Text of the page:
From Hell

by Alan Moore

Published 1999 572 pages

From Hell is a fictionalised account of the Whitechapel Murders of 1888 presented from the triple perspectives of the women who were killed, the police chasing bad leads, and a royal surgeon, Sir William Gull, who is tasked with performing the killings to keep the Prince of Wales's illicit child a secret. Gull, a Freemason, goes postal and hideously mutilates the women he kills to fulfil a Masonic rite to bring about the twentieth century, sending him travelling across time to inspire other killers and artists across the years.

I read this for the first time in my first year of university, and I remember being really struck by the graphic violence and the (relative) fidelity to the facts that we do know about Jack the Ripper. I think there was even a short period where I was convinced that William Gull was the real Ripper, even though Alan Moore makes it clear in the appendices that the whole thing is a fantastic fiction & nothing more.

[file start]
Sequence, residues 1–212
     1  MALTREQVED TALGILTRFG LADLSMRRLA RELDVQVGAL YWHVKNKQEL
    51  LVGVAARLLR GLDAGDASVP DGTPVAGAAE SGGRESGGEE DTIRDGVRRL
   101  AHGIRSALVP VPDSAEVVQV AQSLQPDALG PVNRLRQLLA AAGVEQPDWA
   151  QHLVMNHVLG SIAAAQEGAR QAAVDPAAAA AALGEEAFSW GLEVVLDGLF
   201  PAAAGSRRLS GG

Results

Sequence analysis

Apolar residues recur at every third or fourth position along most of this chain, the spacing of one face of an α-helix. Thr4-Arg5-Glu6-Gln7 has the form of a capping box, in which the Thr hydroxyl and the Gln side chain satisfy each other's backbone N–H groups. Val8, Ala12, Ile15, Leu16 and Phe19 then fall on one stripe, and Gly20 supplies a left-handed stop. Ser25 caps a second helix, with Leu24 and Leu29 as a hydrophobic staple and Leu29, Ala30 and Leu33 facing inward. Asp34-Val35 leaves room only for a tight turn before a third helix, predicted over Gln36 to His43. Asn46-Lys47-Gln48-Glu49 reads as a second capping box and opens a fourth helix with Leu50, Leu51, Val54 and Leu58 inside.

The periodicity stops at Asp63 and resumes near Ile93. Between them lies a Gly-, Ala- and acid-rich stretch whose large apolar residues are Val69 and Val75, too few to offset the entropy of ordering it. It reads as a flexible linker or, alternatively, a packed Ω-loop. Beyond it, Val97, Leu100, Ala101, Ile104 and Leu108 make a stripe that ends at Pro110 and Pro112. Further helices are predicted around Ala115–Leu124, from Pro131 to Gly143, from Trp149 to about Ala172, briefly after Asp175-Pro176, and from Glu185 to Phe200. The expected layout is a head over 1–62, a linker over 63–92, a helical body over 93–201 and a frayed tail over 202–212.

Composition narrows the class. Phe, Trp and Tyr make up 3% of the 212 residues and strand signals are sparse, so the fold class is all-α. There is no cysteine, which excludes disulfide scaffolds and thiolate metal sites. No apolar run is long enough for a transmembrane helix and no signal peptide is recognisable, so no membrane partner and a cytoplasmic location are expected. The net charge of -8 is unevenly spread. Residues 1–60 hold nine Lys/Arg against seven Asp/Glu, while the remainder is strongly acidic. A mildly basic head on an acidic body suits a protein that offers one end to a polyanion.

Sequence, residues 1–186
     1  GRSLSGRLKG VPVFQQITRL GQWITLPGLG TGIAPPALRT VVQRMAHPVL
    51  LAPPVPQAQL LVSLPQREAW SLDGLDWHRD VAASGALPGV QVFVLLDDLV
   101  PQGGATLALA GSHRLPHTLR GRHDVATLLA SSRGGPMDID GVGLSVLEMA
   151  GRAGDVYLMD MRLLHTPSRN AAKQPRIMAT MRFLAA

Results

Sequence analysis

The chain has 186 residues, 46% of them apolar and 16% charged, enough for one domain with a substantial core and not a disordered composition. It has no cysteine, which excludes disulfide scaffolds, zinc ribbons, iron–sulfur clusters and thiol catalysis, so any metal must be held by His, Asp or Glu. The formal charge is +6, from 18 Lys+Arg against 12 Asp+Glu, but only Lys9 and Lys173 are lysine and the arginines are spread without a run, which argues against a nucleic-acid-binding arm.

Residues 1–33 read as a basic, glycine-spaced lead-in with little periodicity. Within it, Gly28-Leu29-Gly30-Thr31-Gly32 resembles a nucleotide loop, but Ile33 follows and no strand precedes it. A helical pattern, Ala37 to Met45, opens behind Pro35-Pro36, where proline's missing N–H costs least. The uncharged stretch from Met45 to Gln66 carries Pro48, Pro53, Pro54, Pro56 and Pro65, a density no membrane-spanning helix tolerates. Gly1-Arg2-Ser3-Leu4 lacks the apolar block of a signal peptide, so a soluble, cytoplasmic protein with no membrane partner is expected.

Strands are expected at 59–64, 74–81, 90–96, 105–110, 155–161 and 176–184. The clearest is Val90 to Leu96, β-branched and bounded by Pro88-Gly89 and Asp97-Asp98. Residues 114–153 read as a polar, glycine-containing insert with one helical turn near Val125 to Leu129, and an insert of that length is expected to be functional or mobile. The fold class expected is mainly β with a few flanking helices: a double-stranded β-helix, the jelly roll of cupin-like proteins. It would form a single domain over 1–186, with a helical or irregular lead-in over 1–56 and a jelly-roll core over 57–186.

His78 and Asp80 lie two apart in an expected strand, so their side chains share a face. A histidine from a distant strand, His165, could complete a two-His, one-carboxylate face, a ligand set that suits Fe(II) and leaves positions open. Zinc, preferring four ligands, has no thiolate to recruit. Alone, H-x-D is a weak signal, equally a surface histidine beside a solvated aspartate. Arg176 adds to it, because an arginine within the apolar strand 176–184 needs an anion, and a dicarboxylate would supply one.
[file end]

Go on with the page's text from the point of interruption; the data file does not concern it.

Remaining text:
This time around, however, I was struck with how much Moore presents the Whitechapel murders as an inevitability. The identity of Jack the Ripper, and the killer's motivations themselves, are almost unimportant: Moore uses a Masonic plot to add colour and richness, but similar murders had been ongoing for months, by August 1888, and they'd continue on afterwards. The real killer is the institutions that allowed people to fall through the cracks: the police, disengaged and confused; the wealthy, isolated from poverty and pain; the monarchy, extracting power from suffering; the economic system, pushing the underrepresented into the fringes of society, into the dark corners where cries of "Murder!" are commonplace.



On swimming laps in a pool for the first time in like, a decade at least.